The UK government’s Prevent scheme has been accused of unfairly targeting the UK’s Muslim community. Except for the “unfair” bit, it is fair to say it does exactly that – and that is what it was setup to do. Specifically to counteract those on the fringes of the Muslim community who target young Muslims and attempt to “radicalise” them in the hopes that they can be recruited into terrorism.
Young people tend to be passionate about what they care about, and that includes politics. They often want to see change at a faster rate than is realistic, which makes them vulnerable to extremists who want to use violence to achieve their ends. Imagine if an initiative such as Prevent were underway at the beginnings of the “Troubles” in Northern Ireland in the 1960s – would the terrorism have lasted as long as it did ? Well we obviously don’t know, but it is a shame that it wasn’t tried.
The fact is that young Muslims are more likely to end up as terrorists than any other particular group of young people. Radical Christians might end up bellowing out that we all sinners, but that is just irritating and bad manners. Young hedonists may end up making a mess on the pavement at peculiar times of the night; whilst we might disapprove, it hardly compares to a suicide load of explosives.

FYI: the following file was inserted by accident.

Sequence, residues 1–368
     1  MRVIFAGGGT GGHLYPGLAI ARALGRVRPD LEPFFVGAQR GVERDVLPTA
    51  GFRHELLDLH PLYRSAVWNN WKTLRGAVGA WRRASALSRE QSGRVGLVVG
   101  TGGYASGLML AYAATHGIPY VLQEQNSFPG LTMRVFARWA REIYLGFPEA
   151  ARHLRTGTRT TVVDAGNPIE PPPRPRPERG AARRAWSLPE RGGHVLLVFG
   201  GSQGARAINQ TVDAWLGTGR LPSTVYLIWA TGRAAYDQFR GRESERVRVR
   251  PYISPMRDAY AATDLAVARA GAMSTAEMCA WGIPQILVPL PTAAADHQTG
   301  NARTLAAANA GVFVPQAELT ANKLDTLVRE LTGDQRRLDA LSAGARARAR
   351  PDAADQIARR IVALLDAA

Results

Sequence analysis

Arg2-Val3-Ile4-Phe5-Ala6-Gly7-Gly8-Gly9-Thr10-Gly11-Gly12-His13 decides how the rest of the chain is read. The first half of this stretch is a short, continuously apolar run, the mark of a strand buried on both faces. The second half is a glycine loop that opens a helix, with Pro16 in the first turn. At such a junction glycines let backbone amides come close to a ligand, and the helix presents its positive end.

Now of course most young Muslims are not going to wind up blowing themselves and lots of innocent people up; they are not even going to take a trip to the kind of summer camp where you learn how an AK47 works. But some are at risk of becoming radicalised and becoming terrorists.
If we can target those who are at greater risk of becoming radicalised and somehow persuade them that it is a bad idea, we can both protect ourselves and those young people. Those who say this is unfairly targeting the Muslim community are ignoring the fact that this benefits the Muslim community as much as it benefits the rest of us.
Perhaps they should ask the parents of those young people who have been killed whether persuading their sons and daughters to take another path is unfair.